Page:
Polyamory 101: Everything You Need to Know to Get Started

It's not as simple as "the more the merrier."

Vancouver-based relationship coach Mel Cassidy began exploring polyamory after separating from her spouse of seven years. The couple had discussed opening up their relationship, but in doing so, realized that Cassidy wanted multiple loving connections, while her partner desired sex-focused relationships. That difference ended up highlighting the ways they had grown apart.

“For many folks looking to open up an existing relationship, it’s important to keep in mind that any kind of change to the structure of your relationship is going to shake it up,” she says.

Cassidy has now been polyamorous for the past 10 years, a relationship status that is more common than many realize.

According to a 2018 Ipsos poll, one in 25 Canadians in a relationship describe it as being polyamorous or open. A Vanier Institute of the Family survey in 2017 described polyamory as an “emerging” family dynamic that is growing in numbers, with polyamorists often being between the ages of 25 and 44, and most engaged in relationships that involve three people.

But if polyamory is something you’ve been considering, where do you begin? Consider this Polyamory 101, your guide to the polyamory basics.

Well, first, what is polyamory?

By definition, polyamory is when an individual participates in more than one romantic relationship at a time. As the Canadian Research Institute for Law and Family makes clear, polyamory is not typically related to religion, marriage and is different from polygamy, which is the practice of having more than one spouse.

A common misconception is that polyamory is synonymous with being in an open relationship, where individuals can take on and can involve however many partners at any time. Both are types of consensual non-monogamy, but in open relationships, individuals are free to have sexual partners outside of their relationship while polyamory involves having more than one intimate relationship with the consent of all involved.

“Lots of folks have conflated polyamory with swinging and kink, and assume it’s all about the sex. There’s overlap in these worlds, but they are each their own different thing,” explains Cassidy.

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There are various types of polyamory, such as a throuple, a quad or a mono-poly relationship where one partner might be polyamorous and the others are monogamous. Cassidy, for instance, is solo polyamorous, which means she does not have a primary partner but multiple loving relationships. If one partner keeps you busy enough, she notes that patience and compassion are necessary while juggling—and Google calendars!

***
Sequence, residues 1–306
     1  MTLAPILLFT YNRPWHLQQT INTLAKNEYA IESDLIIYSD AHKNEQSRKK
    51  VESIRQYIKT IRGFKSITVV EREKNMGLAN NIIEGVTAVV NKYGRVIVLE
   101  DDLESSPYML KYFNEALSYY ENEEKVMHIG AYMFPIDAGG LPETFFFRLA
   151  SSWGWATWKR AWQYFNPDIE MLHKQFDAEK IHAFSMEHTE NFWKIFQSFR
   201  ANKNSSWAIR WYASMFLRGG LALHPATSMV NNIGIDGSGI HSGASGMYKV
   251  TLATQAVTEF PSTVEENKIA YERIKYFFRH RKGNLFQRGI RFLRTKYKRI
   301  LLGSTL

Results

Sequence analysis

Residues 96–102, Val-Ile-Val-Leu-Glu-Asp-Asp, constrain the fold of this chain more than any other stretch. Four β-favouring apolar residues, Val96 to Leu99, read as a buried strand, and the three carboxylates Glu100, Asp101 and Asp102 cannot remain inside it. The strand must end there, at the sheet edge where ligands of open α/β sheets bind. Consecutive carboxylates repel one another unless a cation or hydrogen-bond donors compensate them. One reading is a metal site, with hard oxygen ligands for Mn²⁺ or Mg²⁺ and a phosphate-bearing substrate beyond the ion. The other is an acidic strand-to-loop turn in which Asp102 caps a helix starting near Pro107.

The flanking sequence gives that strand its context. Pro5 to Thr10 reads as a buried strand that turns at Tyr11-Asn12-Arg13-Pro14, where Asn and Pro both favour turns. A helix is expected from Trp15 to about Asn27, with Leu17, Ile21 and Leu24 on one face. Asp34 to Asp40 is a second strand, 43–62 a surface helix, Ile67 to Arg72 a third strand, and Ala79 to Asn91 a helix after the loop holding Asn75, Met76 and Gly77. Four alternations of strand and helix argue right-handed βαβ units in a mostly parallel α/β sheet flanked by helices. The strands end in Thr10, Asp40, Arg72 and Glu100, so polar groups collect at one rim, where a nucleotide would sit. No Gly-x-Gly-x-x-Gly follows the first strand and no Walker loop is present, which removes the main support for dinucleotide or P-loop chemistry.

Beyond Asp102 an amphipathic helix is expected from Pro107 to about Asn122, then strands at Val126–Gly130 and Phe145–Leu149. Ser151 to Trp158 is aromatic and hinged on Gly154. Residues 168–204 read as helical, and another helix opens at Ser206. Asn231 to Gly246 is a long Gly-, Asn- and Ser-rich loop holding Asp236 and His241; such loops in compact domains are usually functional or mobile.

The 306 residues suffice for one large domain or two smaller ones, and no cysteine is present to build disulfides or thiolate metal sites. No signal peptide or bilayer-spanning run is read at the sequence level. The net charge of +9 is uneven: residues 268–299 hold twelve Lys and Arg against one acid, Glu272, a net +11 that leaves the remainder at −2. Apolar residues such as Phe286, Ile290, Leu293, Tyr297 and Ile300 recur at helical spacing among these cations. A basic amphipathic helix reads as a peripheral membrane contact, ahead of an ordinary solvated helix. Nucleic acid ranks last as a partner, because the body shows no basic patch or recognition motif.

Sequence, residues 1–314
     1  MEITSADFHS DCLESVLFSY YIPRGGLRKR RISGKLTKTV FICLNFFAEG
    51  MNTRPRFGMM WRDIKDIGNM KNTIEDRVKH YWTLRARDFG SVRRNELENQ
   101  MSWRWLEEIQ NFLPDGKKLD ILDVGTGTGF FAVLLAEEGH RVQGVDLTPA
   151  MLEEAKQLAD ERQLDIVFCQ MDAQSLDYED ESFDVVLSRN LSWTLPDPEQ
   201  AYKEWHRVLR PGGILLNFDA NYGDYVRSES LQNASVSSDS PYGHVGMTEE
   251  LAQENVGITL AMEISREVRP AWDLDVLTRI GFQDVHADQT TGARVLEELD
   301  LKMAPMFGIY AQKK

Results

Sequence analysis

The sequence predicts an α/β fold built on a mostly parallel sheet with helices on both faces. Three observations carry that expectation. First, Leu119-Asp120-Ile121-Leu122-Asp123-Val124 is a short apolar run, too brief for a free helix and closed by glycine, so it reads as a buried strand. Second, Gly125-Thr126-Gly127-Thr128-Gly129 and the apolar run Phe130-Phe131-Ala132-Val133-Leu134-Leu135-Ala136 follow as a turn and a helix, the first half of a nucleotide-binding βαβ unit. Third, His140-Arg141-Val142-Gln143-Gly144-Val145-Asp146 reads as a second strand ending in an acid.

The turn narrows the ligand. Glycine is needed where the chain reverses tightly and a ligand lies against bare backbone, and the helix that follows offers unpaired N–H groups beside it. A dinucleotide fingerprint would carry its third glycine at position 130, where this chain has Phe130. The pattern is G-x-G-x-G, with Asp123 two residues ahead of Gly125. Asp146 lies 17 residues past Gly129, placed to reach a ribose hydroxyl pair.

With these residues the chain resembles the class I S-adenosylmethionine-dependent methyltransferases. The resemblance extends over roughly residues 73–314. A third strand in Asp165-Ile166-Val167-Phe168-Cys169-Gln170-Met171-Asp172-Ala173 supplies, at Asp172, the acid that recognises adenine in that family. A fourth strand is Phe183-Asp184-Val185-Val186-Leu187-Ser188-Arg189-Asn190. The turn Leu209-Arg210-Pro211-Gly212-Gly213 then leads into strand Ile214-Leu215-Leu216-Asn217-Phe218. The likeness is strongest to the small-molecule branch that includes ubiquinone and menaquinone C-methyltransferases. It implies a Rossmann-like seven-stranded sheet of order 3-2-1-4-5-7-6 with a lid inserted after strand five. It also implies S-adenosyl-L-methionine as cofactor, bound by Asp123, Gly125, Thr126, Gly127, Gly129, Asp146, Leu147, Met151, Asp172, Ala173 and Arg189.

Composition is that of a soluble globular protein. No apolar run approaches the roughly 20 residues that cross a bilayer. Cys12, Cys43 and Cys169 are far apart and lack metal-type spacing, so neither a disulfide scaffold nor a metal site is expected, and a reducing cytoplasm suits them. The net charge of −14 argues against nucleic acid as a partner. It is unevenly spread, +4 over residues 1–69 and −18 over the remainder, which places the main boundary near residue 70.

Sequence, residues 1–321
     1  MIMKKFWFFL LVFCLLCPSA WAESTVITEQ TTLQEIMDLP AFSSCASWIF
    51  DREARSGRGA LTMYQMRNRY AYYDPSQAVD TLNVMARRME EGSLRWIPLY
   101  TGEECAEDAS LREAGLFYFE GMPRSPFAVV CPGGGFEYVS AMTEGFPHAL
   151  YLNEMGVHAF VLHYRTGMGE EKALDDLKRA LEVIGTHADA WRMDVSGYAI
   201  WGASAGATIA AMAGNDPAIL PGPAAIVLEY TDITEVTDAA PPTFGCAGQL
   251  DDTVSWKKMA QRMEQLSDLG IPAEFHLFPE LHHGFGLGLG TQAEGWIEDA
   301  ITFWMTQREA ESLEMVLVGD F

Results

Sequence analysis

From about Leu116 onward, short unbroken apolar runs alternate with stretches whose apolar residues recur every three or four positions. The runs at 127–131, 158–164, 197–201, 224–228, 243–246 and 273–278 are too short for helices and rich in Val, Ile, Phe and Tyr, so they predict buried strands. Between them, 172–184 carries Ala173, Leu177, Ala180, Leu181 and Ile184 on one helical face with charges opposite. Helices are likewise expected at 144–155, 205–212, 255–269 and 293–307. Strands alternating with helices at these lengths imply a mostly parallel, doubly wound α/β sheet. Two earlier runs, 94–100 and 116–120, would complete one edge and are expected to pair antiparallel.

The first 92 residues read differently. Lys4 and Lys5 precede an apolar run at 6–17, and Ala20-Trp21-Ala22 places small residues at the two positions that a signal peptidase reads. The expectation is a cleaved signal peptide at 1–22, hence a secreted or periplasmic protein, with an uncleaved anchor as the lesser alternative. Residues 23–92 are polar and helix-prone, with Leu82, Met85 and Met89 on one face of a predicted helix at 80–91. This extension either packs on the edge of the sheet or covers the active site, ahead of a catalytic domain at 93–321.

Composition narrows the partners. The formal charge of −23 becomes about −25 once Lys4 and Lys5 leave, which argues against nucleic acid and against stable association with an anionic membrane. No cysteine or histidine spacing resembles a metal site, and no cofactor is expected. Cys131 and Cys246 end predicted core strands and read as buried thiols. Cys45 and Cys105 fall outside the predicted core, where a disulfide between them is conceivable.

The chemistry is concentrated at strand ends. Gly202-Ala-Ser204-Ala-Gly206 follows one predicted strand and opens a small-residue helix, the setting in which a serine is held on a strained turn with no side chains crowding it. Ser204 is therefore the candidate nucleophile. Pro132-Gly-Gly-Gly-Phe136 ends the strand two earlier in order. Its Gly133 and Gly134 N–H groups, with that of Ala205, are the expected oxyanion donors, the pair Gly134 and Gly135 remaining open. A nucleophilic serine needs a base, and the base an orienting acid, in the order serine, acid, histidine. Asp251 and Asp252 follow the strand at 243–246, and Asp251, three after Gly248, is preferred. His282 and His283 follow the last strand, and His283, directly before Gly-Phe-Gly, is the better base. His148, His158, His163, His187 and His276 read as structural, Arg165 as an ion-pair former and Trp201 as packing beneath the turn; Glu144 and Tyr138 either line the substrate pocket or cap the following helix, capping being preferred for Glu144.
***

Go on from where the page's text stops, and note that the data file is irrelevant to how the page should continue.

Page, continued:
Ok, so you want to give it a try. Where do you start?

Amanda Luterman, psychotherapist and founder of the Montreal-based Centre for Erotic Empathy, recommends that everyone involved be on the same page from the very beginning.

“Make sure that your and your partner’s reasons are mutually explorative and curious,” she says. “You want all involved to be open to exploring and pausing the exploration based on how you’re doing. You want to make sure, before you do anything, you have enthusiastic consent moving forward.”

What does that conversation sound like?

It’s an honest and open one, and it’s about establishing your satisfaction within the relationship and interest in discovering a new part of yourself—or a different version altogether.

“The key to both bringing it up to a partner and having a positive experience is seeking what you’re seeking in yourself,” says Luterman. “For example, you can say, ‘I love us, I’m satisfied with us. But there’s a part of me that doesn’t present in this relationship, that I’m looking to experience in my life, and I believe that the best way to do that is to pursue a relationship so that part of me feels active.”